The pros and cons of triggering capital gains before June 25, 2024

The 2024 federal budget proposed an increase in the capital gains inclusion rate for corporations, trusts and individuals from one-half (50%) to two-thirds (66.67%). This change comes into effect for capital gains realized after June 24, 2024, so some taxpayers may want to consider whether it’s beneficial to trigger unrealized capital gains before June 25, 2024.

Considerations for individual taxpayers

Capital gains realized by individual taxpayers on or after June 25, 2024 will only be subject to the increased inclusion rate on the portion of those gains that exceed an annual limit of $250,000 (net of capital losses).

For certain types of property, such as publicly traded securities and mutual funds, this annual limit provides flexibility to structure the realization of capital gains over more than one year, so that your gains remain at the 50% inclusion rate.

For instance, if an individual holds a non-registered investment account with unrealized capital gains of $500,000 and they want to trigger those gains in the short term (for example, to use the funds to buy real estate), they have the option to structure the realization of those gains so that they occur over multiple years. This way, the lower 50% inclusion rate would apply to the entire capital gain.

As a result, to remain within the 50% capital gains inclusion rate, individuals with significant accrued gains on certain types of property, such as publicly traded shares or mutual funds, may not need to undertake planning prior to June 25, 2024.

If it’s not possible or practical to avoid the recognition of a capital gain in excess of the $250,000 annual limit (for example, on the sale of real estate), and a disposition is already planned in the near future, it may be advisable to try and complete the sale before June 25, 2024. This would therefore avoid the higher 66.67% inclusion rate on the portion of those gains that exceed the $250,000 annual limit. For an individual taxpayer in the top personal tax bracket, the higher inclusion rate would represent an increase of roughly 8% to 10% in the tax rate on capital gains (depending on your province of residency in the year the gain is realized). 

In situations where the higher inclusion rate cannot be avoided, the question is ultimately one of the time value of money, with the optimal course of action being dependent on the expected return rate on the asset and the length of time the asset will be held.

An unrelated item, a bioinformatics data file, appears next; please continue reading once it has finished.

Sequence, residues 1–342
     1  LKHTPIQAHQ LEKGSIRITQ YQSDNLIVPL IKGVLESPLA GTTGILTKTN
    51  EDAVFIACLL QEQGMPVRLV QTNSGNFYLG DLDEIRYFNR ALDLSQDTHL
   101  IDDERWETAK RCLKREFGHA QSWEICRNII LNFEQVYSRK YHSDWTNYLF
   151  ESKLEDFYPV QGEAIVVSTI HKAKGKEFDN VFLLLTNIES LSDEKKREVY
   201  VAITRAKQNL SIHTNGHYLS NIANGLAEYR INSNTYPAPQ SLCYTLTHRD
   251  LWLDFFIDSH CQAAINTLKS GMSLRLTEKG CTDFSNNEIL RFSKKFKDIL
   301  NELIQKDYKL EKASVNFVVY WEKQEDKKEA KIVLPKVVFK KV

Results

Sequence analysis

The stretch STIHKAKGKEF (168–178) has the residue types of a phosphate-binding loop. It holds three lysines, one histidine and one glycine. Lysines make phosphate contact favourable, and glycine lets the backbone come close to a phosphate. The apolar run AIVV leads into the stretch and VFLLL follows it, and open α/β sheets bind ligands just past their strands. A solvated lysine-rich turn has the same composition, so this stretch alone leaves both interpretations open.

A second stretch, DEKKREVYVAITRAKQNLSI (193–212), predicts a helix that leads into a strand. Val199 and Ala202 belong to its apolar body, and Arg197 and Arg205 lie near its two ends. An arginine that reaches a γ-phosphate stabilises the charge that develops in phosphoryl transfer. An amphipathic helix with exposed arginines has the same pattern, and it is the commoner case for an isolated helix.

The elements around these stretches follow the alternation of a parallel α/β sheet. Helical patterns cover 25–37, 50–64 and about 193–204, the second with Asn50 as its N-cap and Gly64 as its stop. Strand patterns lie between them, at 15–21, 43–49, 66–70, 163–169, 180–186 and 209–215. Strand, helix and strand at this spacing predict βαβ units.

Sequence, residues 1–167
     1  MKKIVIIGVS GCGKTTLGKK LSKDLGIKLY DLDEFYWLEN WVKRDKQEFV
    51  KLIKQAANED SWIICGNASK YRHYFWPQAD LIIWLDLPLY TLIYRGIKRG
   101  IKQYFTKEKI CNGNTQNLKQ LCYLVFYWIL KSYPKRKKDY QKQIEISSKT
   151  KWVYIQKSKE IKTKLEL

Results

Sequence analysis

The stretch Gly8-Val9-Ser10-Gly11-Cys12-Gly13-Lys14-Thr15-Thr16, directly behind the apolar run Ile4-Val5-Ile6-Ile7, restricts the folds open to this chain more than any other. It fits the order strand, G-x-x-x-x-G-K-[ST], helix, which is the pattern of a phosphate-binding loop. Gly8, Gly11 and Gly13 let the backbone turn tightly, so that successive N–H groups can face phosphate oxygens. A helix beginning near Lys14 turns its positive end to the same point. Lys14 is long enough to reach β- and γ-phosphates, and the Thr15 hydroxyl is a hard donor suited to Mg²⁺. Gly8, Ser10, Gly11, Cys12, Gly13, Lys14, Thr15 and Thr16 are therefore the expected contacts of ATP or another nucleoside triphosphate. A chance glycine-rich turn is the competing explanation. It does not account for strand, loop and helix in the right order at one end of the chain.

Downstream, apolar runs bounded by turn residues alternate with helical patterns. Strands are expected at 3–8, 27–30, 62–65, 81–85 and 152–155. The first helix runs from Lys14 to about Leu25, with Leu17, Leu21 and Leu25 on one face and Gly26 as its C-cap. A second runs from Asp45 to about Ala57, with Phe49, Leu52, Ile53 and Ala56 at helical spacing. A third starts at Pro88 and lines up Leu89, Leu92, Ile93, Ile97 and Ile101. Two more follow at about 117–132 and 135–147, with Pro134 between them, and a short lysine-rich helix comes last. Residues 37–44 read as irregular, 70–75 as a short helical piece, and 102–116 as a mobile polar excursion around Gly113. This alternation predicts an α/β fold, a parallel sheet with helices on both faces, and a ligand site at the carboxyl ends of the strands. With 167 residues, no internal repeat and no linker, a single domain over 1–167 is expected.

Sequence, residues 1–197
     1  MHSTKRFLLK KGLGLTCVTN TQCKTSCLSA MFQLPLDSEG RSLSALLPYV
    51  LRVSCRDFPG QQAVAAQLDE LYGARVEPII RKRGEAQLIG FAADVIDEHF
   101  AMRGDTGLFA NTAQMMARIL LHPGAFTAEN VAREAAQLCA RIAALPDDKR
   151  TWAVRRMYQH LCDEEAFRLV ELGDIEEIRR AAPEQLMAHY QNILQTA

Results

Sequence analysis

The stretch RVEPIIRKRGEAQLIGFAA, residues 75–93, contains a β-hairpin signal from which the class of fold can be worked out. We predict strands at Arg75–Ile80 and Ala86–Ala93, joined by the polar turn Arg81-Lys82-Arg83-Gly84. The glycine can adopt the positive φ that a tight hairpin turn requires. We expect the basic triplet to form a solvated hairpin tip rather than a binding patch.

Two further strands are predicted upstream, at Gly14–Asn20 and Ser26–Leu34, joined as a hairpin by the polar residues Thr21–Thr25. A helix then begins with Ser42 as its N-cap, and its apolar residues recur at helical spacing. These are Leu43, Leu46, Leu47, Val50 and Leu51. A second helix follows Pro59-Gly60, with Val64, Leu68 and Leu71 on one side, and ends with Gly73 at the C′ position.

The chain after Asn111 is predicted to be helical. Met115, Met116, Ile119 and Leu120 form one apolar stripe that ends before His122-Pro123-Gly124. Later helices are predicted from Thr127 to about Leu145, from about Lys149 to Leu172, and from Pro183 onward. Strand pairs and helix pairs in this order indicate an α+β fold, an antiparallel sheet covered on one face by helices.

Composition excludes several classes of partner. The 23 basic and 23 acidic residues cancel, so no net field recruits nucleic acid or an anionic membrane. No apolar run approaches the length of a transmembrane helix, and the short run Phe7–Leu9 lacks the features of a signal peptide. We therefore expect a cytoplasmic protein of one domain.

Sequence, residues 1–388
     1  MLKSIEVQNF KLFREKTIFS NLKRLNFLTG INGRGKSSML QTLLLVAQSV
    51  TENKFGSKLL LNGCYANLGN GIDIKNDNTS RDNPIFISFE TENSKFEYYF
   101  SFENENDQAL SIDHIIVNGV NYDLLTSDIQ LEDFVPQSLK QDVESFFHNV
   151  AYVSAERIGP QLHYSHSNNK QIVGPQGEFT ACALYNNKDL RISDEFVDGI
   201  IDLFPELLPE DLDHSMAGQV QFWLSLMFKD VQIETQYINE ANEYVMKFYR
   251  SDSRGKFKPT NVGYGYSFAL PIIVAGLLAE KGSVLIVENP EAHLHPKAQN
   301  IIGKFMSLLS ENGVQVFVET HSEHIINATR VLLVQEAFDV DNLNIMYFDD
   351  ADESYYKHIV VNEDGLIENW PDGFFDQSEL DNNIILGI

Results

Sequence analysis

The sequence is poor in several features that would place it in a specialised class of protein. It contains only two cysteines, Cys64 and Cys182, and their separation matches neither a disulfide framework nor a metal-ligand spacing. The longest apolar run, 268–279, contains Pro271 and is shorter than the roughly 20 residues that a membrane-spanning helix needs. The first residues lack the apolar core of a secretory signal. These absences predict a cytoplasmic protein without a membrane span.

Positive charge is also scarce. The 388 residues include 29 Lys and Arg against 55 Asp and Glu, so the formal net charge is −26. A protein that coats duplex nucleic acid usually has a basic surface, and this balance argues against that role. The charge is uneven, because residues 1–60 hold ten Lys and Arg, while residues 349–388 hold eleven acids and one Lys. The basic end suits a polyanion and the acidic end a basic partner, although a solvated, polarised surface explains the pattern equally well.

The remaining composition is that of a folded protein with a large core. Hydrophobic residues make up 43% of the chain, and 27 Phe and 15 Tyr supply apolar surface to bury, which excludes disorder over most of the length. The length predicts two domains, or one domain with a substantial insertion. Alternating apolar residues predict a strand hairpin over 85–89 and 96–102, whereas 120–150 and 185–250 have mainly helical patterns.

Investors with a short to mid-term time horizon and lower expected return rate may benefit from triggering gains before June 25, 2024. However, investors with a long-term time horizon and higher expected return rates will frequently achieve better financial results by not triggering gains and prepaying tax (prepaying tax reduces the amount of capital working for the investor over the long term).

Triggering capital gains can also impact income-tested benefits, such as Old Age Security, and may generate Alternative Minimum Tax (which is potentially recoverable over seven years, depending on the client’s future sources of income). Each situation would need to be analyzed on a case-by-case basis.

Considerations for corporations and trusts

For corporate and trust taxpayers, there is no annual limit on realized capital gains before the higher two-thirds inclusion rate applies. This means all capital gains realized by corporations after June 24, 2024 will be subject to the higher inclusion rate. Capital gains realized and retained within trusts after June 24, 2024 will also be subject to the higher inclusion rate. However, trusts frequently allocate capital gains to the individual beneficiaries to avoid taxation within the trust, and each individual beneficiary will have the benefit of an annual $250,000 limit before capital gains will be taxed at the higher two-thirds inclusion rate.